In China’s REAL Competitive Advantage below, Kent Kedl uses a mix of personal experience and humour to argue that Chinese entrepreneurial spirit is in large part responsible fot the success of China today.
I found the blog entry on Technomic Asia's Web site. Technomic is a Shanghai-based consultant firm specialised in helping businesses enter Asian markets. The site offers plenty of useful information like the interview with Steve Crandell about the challenges of the chinese market for SMEs. Unfortunately, the blog section of the site does not seem to be active anymore. Yet, the older entries are worth reading.
Here is Kent Kedl's piece:
"On his first trip to China, one of my clients reacted to this country, as most foreigners do, with a mixture of fascination and utter dread. He was overwhelmed by the size of the country and its dynamic (one might say, hyper-dynamic) society. Over dinner one night, he asked me my opinion on the fundamental difference between China and other cultures. Now, I never miss the opportunity to pontificate on any subject, especially one that I don’t understand completely (see any of my previous columns). So I offered him my view: The fundamental difference between China and the rest of the world, I said, is that Chinese people are born entrepreneurs; they have an near manic compulsion to start their own business.
"Linguists believe that language is an accurate reflection of what a given culture considers important. For example, the Inuit are said to have 14 different words for snow – and so would you if you were knee-deep in the white stuff for most of your life. [Author’s note: I am from Minnesota, a state in the US where, for a good portion of the year, we, too, are surrounded by snow. However, unlike the Inuit, we do not have 14 words for snow; rather we have over 14 swear words for snow as in “that %$@# *&%$ &^%$# snow is so %$#! deep I cannot get my *&^% *&^$# car out of the *&^% driveway!!”.]
"The preceding sentence reveals that Americans attach great cultural importance to the vice of impatience. Indeed, we are a deeply disturbed people, and pity the person (the next guy that cuts me off on the Yannan Expressway) who pushes us beyond our limit, which, quite obviously, is way below the world norm.
"But I digress. The Chinese language reflects the entrepreneurial spirit of the people in a variety of ways. For instance, the term “start up”, referring to opening a business, can be expressed, alternately, as: 成立 (cheng li), 建立 (jian li), 开 (kai), 设立 (she li), 办 (ban), 创立 (chuang li), 创办 (chuang ban). There are more ways to express this sentiment, but I have forgotten them. What’s more, I cannot distinguish between the phrases; their subtleties are lost upon a lout like me. But one thing I do know, they all mean: “Let’s make some money!”
"Should you remain unconvinced by the linguistic proof of China’s entrepreneurial obsession offered above, well, just step out on into the street. You’ll be instantly bombarded with pitches to purchase just about anything you’ll ever need (and much that you’ll never need). If you happen to be driving and happen to stop at a stoplight (unlikely, I know), then you’ll be assaulted by a dozen guys loaded with all things automotive: newspapers, lighters, phone chargers, steering wheel covers, Shanghai maps (because you look lost) and even world maps (because you really look lost). Now, I’m not saying that the Chinese are the only people with excessive entrepreneurial drive. But they do bring a degree of optimism and can-do spirit to the idea that most others cannot match. Indeed, they sometimes bring too much.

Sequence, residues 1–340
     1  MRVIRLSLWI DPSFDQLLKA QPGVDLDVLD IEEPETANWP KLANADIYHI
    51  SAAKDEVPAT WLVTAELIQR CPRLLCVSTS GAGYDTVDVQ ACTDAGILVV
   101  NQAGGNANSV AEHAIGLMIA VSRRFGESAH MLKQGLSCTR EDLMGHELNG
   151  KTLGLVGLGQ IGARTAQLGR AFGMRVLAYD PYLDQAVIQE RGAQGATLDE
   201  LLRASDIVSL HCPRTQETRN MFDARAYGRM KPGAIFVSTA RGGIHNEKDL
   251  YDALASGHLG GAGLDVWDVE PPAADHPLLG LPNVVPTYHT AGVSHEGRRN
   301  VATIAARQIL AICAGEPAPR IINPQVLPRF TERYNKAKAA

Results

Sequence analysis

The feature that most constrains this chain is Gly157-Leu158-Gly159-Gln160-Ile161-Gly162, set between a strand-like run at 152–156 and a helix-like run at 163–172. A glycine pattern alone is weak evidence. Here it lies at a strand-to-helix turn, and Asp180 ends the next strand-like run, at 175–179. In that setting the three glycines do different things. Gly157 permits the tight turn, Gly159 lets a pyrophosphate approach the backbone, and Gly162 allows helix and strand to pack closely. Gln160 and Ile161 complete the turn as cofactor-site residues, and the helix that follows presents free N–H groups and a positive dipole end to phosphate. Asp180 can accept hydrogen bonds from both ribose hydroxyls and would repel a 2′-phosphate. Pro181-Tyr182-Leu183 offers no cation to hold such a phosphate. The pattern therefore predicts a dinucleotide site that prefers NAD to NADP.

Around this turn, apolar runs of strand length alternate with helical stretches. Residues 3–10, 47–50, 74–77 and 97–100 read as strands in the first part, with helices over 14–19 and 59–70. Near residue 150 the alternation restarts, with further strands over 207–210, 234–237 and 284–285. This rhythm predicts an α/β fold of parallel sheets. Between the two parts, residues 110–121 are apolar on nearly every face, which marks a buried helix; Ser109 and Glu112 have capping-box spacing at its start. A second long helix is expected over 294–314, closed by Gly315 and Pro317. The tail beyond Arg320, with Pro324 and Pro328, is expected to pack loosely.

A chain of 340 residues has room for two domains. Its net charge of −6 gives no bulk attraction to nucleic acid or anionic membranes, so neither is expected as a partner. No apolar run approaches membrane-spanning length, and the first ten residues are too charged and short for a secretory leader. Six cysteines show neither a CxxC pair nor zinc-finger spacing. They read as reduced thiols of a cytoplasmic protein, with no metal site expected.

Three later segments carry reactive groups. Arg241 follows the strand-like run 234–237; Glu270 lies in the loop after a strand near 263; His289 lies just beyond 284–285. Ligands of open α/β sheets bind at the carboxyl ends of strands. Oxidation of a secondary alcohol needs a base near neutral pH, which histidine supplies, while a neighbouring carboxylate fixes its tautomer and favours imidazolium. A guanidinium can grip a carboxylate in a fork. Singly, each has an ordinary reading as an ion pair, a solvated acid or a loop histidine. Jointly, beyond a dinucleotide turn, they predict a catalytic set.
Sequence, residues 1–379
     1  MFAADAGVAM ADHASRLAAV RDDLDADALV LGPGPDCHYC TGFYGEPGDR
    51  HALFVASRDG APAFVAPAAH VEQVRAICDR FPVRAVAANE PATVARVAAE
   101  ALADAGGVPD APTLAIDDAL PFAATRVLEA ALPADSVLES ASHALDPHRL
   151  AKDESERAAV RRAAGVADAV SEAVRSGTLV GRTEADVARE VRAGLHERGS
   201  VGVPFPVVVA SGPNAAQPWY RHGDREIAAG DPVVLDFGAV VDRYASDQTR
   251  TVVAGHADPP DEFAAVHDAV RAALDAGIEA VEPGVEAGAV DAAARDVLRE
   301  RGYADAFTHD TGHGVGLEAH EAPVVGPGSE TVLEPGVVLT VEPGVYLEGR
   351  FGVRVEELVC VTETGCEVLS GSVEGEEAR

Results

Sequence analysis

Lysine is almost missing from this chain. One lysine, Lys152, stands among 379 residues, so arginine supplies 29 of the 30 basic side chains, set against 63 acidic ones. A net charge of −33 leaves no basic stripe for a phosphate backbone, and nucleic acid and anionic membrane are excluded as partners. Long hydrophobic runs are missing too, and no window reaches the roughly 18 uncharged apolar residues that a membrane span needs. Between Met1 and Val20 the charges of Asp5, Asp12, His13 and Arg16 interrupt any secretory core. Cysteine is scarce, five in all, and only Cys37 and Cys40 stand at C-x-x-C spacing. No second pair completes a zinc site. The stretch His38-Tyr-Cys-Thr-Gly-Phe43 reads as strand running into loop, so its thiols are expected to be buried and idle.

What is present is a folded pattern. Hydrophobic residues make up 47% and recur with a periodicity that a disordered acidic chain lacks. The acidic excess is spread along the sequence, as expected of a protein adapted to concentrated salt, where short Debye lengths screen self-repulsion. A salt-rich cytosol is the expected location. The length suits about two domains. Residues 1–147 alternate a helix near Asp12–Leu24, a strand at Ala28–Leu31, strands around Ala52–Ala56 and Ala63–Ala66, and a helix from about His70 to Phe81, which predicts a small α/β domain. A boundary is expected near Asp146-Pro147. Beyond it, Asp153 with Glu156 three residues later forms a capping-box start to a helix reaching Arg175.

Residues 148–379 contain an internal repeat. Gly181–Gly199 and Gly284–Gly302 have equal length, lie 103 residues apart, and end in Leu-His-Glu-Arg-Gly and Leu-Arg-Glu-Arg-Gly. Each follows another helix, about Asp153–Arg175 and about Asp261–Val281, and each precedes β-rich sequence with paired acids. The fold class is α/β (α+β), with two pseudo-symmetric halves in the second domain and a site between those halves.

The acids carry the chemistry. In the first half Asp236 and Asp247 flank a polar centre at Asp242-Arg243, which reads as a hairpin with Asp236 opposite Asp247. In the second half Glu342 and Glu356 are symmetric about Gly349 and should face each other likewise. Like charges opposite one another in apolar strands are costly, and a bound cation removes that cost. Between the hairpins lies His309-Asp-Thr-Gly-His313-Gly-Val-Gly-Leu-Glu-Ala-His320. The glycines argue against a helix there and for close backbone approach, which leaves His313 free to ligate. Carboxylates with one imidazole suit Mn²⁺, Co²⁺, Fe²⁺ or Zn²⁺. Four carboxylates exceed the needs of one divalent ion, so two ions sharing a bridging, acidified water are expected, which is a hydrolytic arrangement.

"A while ago, I was walking through a street market with my kids. Within seconds, we were surrounded by hawkers. Now the interesting feature of street market vendors in China is the aggression with which they pursue their trade. As you walk by the stalls, they will yell out “HELLO!!” followed by a recitation of what they are selling. To wit: “Hello DVD!!”, “Hello CD!!”, “Hello T-shirt!!!”. It can be a bit disconcerting, but one gets used to it … I suppose as one eventually gets used to a root canal or open heart surgery if one has had enough of them.
"Anyway, one merchant was touting figurines of a little boy, who, after pouring hot water on his head, tinkles. The hawker shouted at me in the template style: “Hello, Pee-pee boy!”. Many heads turned, I assuming, hoping to see some tall foreigner in Depends fighting valiantly against incontinence problem. The man’s sales tactic might be a tad suspect, but there was no denying his enthusiasm. He knew that I wanted and needed a statuette of a small boy relieving himself. What he didn’t know is that his remark would take on a life of its own. When someone calls for me at home and one of my teenage daughters answers the phone, they have been known to shout: “Hey, Pee-pee Boy … phone!”
"Of course, the entrepreneurial spirit exhibits itself in other ways, the notorious gauntlet tactic, for example. This ploy is based on the theory of sales by attrition. Street vendors seems convinced that you will buy from them if they form a gauntlet that you cannot avoid. By the time you reach the forty-seventh guy, you will be so worn down that you will purchase a DVD, CD or fake watch because you are finally convinced that life is not worth living without one.
"Westerners believe that China’s low cost labor provides it with a global competitive advantage. While it helps, I believe that it is China’s drive to start new ventures – and to do so with such wild abandon – that presents a greater challenge to other economies.
"The Pee-pee Boy tinkling on my desk is proof positive."